What's a Passive House, Anyways?

Tuesday, January 26, 2016

In Vancouver we are lucky to have beautiful British Columbia as our extended backyard. Scroll through any Vancouverite’s Instagram feed, and you’ll likely encounter at least a few pictures of snowcapped mountains, a wooded hike, or perhaps a glimmering lake (all likely within a two hour radius of Downtown Vancouver). With such easy access to nature like this, it’s not surprising that Vancouverites tend to be an environmentally conscious bunch.

As our city strives to reach its target of becoming the greenest municipality in the world by 2020, an industry has begun to develop for the green design and construction of family homes. Cue, the Passivhaus (or Passive House, for us Anglophones). First conceptualized in 1990 in Darmstadt, Germany the primary goal of a passive house is energy efficiency. Specifically, a passive house is designed to be insulated and airtight to the point where it is comfortable year-round without a primary heating system, even in cold climates like ours. Instead of relying on a heating system, a calculated combination of design elements are used to maximize the energy performance of a house by minimizing heat loss and optimizing the thermal performance of the building’s structure. These design elements include high performance windows and doors, extra thick insulation, a building shape that is conductive to heat retention, and strategic solar exposure.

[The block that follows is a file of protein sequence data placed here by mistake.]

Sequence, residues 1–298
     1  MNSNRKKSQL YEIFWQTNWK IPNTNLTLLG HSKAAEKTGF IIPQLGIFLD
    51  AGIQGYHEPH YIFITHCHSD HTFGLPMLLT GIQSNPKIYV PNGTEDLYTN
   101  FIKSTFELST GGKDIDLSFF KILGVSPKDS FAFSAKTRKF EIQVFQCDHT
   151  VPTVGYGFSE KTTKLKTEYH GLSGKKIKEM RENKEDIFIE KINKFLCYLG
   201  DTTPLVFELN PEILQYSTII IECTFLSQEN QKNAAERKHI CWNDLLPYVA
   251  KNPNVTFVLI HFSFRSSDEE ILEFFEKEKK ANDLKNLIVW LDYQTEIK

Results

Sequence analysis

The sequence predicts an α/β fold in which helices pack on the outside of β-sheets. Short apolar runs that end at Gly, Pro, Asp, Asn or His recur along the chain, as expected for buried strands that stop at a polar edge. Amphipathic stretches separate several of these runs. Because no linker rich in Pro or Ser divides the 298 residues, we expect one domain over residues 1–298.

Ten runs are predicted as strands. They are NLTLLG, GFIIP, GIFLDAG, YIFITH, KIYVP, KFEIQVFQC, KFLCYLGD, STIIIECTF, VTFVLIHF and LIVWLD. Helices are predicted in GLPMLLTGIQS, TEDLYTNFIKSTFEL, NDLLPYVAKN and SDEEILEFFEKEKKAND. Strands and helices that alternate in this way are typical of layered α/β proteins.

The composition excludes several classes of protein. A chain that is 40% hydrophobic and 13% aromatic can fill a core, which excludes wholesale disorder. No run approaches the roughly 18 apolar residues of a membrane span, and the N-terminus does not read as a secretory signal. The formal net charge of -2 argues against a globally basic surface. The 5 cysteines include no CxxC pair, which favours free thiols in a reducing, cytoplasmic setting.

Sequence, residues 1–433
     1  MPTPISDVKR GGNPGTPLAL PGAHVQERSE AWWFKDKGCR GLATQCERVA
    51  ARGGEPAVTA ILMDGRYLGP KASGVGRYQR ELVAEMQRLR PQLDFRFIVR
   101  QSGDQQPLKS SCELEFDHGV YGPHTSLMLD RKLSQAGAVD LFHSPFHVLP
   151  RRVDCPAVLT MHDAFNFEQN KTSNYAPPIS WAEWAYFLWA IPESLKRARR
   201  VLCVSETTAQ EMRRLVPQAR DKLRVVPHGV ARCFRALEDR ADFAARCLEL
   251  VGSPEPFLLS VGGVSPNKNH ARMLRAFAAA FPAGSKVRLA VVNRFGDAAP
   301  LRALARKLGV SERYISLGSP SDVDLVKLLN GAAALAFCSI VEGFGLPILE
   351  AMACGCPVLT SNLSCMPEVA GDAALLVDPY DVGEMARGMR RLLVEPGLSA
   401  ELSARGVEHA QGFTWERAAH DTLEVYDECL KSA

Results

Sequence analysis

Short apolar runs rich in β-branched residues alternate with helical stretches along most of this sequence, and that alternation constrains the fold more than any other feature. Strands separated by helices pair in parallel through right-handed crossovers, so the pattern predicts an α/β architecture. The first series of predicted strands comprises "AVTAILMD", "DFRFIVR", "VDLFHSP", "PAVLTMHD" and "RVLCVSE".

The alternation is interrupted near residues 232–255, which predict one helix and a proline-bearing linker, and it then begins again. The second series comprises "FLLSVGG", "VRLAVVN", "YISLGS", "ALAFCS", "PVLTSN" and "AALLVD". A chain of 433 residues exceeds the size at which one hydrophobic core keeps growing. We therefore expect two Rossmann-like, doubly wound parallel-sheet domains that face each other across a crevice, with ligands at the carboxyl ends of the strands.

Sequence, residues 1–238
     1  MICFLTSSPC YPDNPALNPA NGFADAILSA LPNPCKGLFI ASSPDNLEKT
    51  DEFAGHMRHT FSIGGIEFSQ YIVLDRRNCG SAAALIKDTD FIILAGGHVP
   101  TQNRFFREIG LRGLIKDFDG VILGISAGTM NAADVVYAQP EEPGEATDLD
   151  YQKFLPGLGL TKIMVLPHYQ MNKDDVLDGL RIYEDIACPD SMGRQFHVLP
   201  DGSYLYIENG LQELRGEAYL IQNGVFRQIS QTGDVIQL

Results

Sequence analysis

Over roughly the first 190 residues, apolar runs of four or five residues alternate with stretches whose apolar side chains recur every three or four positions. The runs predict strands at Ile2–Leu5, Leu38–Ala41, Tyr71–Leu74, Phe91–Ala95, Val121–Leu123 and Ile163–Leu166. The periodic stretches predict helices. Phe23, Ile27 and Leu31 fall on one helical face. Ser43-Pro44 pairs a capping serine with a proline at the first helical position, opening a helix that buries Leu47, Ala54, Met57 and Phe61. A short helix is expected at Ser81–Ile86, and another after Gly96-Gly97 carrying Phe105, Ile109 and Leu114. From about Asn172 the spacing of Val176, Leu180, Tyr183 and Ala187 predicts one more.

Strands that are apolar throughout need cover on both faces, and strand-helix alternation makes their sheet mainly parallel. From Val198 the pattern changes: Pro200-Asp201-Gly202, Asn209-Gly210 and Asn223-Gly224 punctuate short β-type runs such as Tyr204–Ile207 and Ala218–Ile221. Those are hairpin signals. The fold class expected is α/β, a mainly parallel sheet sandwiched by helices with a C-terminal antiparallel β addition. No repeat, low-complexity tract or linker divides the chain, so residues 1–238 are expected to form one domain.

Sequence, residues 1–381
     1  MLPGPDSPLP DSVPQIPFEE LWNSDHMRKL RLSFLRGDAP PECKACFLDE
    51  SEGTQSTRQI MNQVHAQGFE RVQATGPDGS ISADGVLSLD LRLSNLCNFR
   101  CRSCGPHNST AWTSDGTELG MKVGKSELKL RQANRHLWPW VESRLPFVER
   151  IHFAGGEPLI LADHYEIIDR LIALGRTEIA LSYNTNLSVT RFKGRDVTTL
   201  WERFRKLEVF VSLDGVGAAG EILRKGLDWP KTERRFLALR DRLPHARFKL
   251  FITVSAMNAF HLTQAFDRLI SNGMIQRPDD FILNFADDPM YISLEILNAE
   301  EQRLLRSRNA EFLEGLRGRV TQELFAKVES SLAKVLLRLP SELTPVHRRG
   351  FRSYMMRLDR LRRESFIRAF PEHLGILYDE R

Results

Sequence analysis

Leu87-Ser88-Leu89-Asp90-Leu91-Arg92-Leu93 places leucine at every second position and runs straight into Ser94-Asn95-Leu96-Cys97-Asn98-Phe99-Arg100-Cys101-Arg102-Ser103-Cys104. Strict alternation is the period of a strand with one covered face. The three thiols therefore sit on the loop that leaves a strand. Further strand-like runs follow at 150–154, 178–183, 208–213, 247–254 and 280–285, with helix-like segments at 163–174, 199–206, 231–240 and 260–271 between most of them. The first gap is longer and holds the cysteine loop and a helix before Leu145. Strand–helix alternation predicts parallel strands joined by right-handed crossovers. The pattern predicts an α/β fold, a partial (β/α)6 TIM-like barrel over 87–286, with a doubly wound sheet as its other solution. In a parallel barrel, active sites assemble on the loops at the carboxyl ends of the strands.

Our good friends at Lanefab Design/Build are leading the way in Vancouver, and recently designed the first single family home (with laneway!) built using passive strategies to be put on the BC market. It was sold after just one day, and it’s not hard to see why – on top of the environmentally friendly design, passive structures typically save 80–90% on the cost of energy.

Given that the City of Vancouver has set a target for all new construction to be carbon-neutral by 2030, it’s likely that passive building strategies will become more popular in the near future.  For the time being, keep watching as movers and shakers like Lanefab bring passive design to the Vancouver housing market.

 For more information about certification and standards in passive design, check out the Canadian Passive House Institute

Images courtesy of Lanefab Design/Build





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